Guest opinion: Vail Resorts should treat ski patrollers like the critical employees they are
Salt Lake City
I can’t lie. The 20-plus years I spent at Park West and eventually The Canyons as professional ski patroller are unquestionably some the best years and best job I ever had.
They are also some of the hardest years I ever had. I met and worked with people I still call close friends, and 10 years since I “retired” I still suffer from serious symptoms and consequences of PTSD from the combined stresses and events of the job.
For every glorious powder run, there was a serious traumatic accident to manage. For every gorgeous sunrise, there were moments of terror and uncertainty as we made our way through white-out conditions, first attempting to keep ourselves safe, and secondly trying to provide safe skiing for our guests in a timely fashion.
It’s a hard job. One that requires first-aid training (rarely paid for by the resort) and its annual upkeep, avalanche training and experience, exceptional guest service and problem solving, long hours in the elements, grief counseling for friends and family and a strong back. It’s unfathomable in this pandemic age that Vail Resorts is not the one racing to the table to provide better benefits, pay and peace of mind to a critical piece of their front-line staff.
Few patrollers live anything but paycheck to paycheck, and a lone day off, let alone weeks, would be devastating to their livelihood and quality of life. If the patrol didn’t show up to work this week, everyone in town and every visitor to town would be impacted. The resorts couldn’t open and the economic impacts would be felt by all. If the top 10 executives at Vail Resorts took a month off, none of us would know and the resorts would continue to function as usual.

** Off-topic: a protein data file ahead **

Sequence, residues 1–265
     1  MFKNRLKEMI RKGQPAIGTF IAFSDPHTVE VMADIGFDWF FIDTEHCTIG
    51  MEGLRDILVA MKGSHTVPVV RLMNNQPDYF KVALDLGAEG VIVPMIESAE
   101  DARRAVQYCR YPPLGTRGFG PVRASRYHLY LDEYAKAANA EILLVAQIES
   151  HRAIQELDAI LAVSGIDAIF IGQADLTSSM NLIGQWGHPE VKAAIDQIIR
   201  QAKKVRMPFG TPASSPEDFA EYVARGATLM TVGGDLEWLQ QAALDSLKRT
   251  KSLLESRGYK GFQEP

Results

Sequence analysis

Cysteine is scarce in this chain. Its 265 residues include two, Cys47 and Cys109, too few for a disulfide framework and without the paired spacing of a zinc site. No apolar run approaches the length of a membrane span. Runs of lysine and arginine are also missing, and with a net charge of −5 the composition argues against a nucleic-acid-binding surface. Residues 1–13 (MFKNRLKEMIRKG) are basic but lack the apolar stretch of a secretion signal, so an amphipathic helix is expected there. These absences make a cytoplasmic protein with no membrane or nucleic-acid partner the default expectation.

The patrol isn’t making exorbitant demands — they are asking for fair compensation, including attainable sick days, based on their level of education, specific skill sets and the very real job challenges and stresses. Ultimately, they are looking for the same peace of mind that all first responders require in order to perform their jobs safely and well in these chaotic times.
Vail Resort’s cash and cash equivalents rose from $136 million in October 2019 to $462 million in October 2020. It doesn’t appear they have been as hard hit by the pandemic as they want us to believe. To use the tactics they have in light of the current situation only highlights their priority to shareholder value over employee health and welfare.
If you’ve ever enjoyed a day of skiing at a ski resort, then you have been touched by patrol’s efforts. From assessing snow conditions, to marking trail hazards and maintaining pads, rope lines and the like. Their efforts have had a direct part in your enjoyment. If you have been unfortunate enough to be injured, then you already know the lengths these fine folks take to get you off the hill and onto appropriate care as quickly as possible. Let Vail Resorts know you appreciate the patrol and expect them to come to the table and treat and value these critical employees with the respect they deserve.
Jake Hutchinson was the ski patrol director at what was then The Canyons from 2003-2011.
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“We the people are not being represented here,” writes Rich Wyman regarding Park City’s proposed soils repository in Quinn’s Junction.